Berdimuhamedov changes Constitution

Berdimuhamedov changes Constitution

Ashkhabad continues working on a new image of Turkmenistan as a country of democratic reforms. President Gurbanguly Berdimuhamedov announced upcoming changes. Amendments will be made to the Constitution of the country. They will touch on the social security of citizens, stability, and separation of powers, youth rights, and political variety. According to experts, this will be noted in the West. First of all, the OSCE Office for Democratic Institutions and Human Rights will hold another session in Warsaw next week. A report on the situation in Turkmenistan will be presented there. It was developed by international human rights activists who earlier recommended that Ashkhabad work on certain aspects. Secondly, in late September, Argadag (the title of President Berdimuhamedov) is going to visit the U.S. and speak at the 70th session of the UN General Assembly.

When Berdimuhamedov came to power in 2007 he said that all the laws adopted by Turkmenbashi (the first president of Turkmenistan, Saparmurad Niyazov) should have been reconsidered by the parliament. A new Constitution of the country was adopted in September 2008. According to it, the supreme representative and legislative body of power – the Khalk-Maslakhaty – was eliminated. The principle of a multi-party system was implemented. The second constitutional reform started in May 2014, when Berdimuhamedov signed an act on the establishment of the Constitutional Commission for Improvement of the Constitution of Turkmenistan. Probably, this time a norm which requires a prolongation of a presidential term from 5 to 7 years will be included in the Constitution.

Experts believe that Berdimuhamedov's course toward the Europeanization of the country is an attempt to build an image of a democratic leader and approach the West for gaining investment in the energy sphere.

The current amendments will touch on several spheres, according to the head of Turkmenistan. For example, Berdimuhamedov stands for including “the proviso on security of the national sovereignty of Turkmenistan, which reflects the striving of the nation to live in peace, unity and political stability” to the first part of the Constitution.

The President also informed the Council of the Elders about “absolutely new” constitutional norms. The first norm states that “the main goal of the governmental bodies is the protection and support of a person and serving him or her,” the second one states that “Turkmenistan is a state which guarantees social security to every person.”

According to the President, a proviso on the division of state power into three independent branches (legislative, executive and judicial powers) is also new in the Constitution. He suggests including articles on the President, the parliament, the Cabinet of Ministers, and the Supreme Court of Turkmenistan to corresponding parts of the Constitution.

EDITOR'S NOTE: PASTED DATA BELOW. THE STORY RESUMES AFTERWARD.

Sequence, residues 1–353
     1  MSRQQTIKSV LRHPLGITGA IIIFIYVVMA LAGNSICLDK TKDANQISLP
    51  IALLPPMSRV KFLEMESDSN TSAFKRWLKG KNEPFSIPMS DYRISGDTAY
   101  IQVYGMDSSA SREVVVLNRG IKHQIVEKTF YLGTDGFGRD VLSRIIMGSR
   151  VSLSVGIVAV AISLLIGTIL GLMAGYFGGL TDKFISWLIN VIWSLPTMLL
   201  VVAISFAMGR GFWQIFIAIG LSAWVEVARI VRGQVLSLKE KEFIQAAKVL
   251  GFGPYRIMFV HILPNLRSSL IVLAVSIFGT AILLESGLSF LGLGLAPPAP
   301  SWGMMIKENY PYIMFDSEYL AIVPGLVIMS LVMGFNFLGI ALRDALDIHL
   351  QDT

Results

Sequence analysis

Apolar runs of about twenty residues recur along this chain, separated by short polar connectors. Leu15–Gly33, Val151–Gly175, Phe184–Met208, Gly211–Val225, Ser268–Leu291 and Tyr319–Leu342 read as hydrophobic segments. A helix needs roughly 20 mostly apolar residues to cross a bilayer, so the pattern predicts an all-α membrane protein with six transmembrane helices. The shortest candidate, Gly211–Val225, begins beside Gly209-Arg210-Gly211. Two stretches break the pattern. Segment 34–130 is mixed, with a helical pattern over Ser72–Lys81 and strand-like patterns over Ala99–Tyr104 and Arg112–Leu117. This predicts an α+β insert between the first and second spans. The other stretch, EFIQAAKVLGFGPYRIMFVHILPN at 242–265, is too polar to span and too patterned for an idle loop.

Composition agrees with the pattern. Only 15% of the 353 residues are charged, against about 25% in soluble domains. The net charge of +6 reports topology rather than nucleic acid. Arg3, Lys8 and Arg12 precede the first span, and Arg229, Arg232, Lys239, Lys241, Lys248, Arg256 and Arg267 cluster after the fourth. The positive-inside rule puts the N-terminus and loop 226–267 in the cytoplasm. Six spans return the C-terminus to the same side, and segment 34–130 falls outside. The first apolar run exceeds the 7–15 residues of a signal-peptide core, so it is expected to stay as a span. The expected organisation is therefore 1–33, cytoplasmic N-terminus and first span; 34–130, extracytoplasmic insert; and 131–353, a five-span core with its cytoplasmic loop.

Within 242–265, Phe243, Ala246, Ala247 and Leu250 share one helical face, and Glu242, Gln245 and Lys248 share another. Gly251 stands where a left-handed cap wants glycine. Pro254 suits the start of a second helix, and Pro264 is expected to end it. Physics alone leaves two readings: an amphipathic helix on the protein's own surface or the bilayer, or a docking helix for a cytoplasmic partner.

The new Constitution will also have a new part on the economic and monetary system, the President says. Moreover, there will be provisos on governmental encouragement and support of business; on the national policy on realization and support of rights and freedoms of youth; on environmental policy; on the rights of every person for a favorable living environment, reliable information about it, compensation of harm to a person’s health and his or her property as a result of violation of the environmental laws or natural disasters.

Berdimuhamedov wants to include a new proviso on political variety and the creation of the necessary conditions for the development of civic society by the state to the Constitution. Along with the pro-presidential Democratic Party, two other political parties have been created recently in Turkmenistan – the Party of Fellow-Thinkers and Entrepreneurs of Turkmenistan, and the Agrarian Party of Turkmenistan. “These parties have no political influence in society. Their creation is connected with political rhetoric, an attempt to find the West’s goodwill,” Shokhrat Kadyrov, PhD (History), the senior scientist of the Oriental Studies Institute of the RAS, told Vestnik Kavkaza. He explains the constitutional reform is due to the end of the era of “the parasitical economy.” Prices for oil and gas fell to a level which couldn’t provide the population’s welfare. “It is believed that Turkmenistan is a gas power; but few people know that the main revenues to the country’s budget are coming from oil exporte, not gas exports. Speaking about gas, I should say that a growth in gas revenues will be connected not with the construction of new pipelines, which cost $5 billion or more, but with a shift to production of liquid gas; as in 2020 experts expect a radical shift to its use in the world,” the expert says. “That’s why Berdimuhamedov is worried about the budget and wants to eliminate benefits on free quotas on public utilities.” Members of the Council of the Elders supported the idea of eliminating the norm of providing the population with water, electricity and gas for free. Since the era of Turkmenbashi, these benefits of Turkmen citizens have been thought to be the greatest achievement of independence.

“Of course such a decision will have certain consequences, and the second president is trying to present himself as a consistent democrat to the West. He speaks about a division of powers, political variety, the rights of youth, i.e. 70% of the country’s population. Berdimuhamedov is trying to avoid possible criticism for undemocratic decisions, if some protests begin in the country, which will be cruelly suppressed without any doubts,” Kadyrov said. 

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